This is what happened:
Scene: A Silicon Valley church basement. Folding chairs, coffee, cigarettes tucked behind ears. Jon EVANS, a tall man with a shaved head and an Arsenal FC T-shirt, steps forward to the podium. He has a slight Canadian accent.
Jon: Hi, my name’s Jon, and I’m a Yahoo! user.
Room, in unison: Hi, Jon!
Jon: I guess…I mean, this is so embarrassing, obviously…I guess my story’s like a lot of yours. I got into Yahoo! when I was young, because back then it seemed really cool. If only I had known then what I know now. But I went for a six-month trip across Africa and Yahoo was the only web-mail service that could access my Unix shell account via POP. Gmail didn’t exist yet, Hotmail was a joke, and I was sending friends emails from Cameroon and Zimbabwe, they were amazed, they were jealous. So I got hooked. And then…
He falls into grim silence for a moment.
Moderator (a pale, gaunt woman with nails bitten to the quick): Then what?
Jon: Then I guess I went all the way down the rabbit hole. I registered my domain with them. I used them to host my vanity site. I was in so much denial that when they bought Flickr, you’re not going to believe this, but when they bought Flickr I was excited about it. I thought it would be great.
(Hollow laughter echoes through the room.)
Jon: Now, though – I mean, you all know what it’s like to be a Yahoo! user now.
Pained yet sympathetic expressions ripple across the crowd.
Jon: The things that work haven’t changed in like ten years, and the things that have changed don’t work any more. Or they look prettier, like the Flickr redesign, or their new NFL game reports, but then you try to use them and you realize that actually they’re just more broken than ever. I used to be proud that I was a Yahoo! user. Now it’s shameful. I have to hide it from all my friends. (glances at camera in corner of the room) That thing isn’t on, is it?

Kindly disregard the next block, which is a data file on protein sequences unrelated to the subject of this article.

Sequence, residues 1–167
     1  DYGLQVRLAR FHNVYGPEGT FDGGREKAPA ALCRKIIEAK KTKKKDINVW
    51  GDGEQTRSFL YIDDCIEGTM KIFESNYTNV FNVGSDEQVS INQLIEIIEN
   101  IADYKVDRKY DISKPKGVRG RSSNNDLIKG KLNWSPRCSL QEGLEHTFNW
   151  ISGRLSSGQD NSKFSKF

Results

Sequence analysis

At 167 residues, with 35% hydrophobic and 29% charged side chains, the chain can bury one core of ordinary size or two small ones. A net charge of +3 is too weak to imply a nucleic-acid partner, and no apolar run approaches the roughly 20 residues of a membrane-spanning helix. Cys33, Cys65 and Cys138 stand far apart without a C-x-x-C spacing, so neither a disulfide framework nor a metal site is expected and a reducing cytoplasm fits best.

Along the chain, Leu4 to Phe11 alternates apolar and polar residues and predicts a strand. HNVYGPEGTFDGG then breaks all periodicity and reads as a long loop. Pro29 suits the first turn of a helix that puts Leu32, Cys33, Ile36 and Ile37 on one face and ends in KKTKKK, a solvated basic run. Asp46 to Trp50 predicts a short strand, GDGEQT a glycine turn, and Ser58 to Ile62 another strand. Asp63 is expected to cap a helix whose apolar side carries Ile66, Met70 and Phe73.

Moderator: (hastily — too hastily) No.
Jon: Good. (under his breath) I’m totally going to bury this post on a holiday weekend when no one will read it.
Moderator: Excuse me?
Jon: Uh, nothing. Anyway, the thing is, I even know what their problem is. I’m an engineer, and a long-term user, so I can tell Yahoo!’s engineering is just terrible. I mean, maybe their engineers are pretty good and they’re just hamstrung by their process and bureaucrats and what have you, I don’t know about that, but the results are terrible. Paul Graham said it years ago: “Yahoo treated programming as a commodity.” I mean, consider Yahoo! Mail —
(A loud, angry groan erupts around the room.)
Moderator: So why have you stuck with them?
Jon: I…I really don’t know. Partly it was because I was uncomfortable about how much of my online information Google has, but now I’ve lost so much faith that I’m backing up all my mail to one of my Gmail accounts anyway, which kind of fundamentally defeats that purpose. Partly because moving would be such a hassle. But the thing is — well —
Moderator: Go on.
Jon: The thing is, I somehow still want Yahoo not to suck. Every time they say things will get better, I want to believe them, even though every time it’s been a lie. Oh, we’ve licked the peanut butter problem, now everything will be fine. Oh, Marissa Mayer’s CEO, now everything will be fine. But the truth is —
Jon: The truth is that it’s not going to be fine. Not now, not ever. Because their engineering sucks, so they’re like a sprinter wearing leg irons starting 50 metres behind the competition. And you know what? It’s too late for even Marissa Mayer to fix that.
Moderator: So you’re quitting? Cold turkey?
(Chairs creak as their occupants lean forward, with bated breath, hanging on his words)
Jon: you know what, I’m going to give them one more chance. I don’t even know why. Just one more. But this time, I swear, this time if it doesn’t work out, I’m done.
(Disappointment is written loudly across every face in the room, including his.)
Moderator: (with deep sadness) OK. We understand. Thanks, Jon.
Jon: I’m sorry.
Image credit: Dave Ward, Flickr.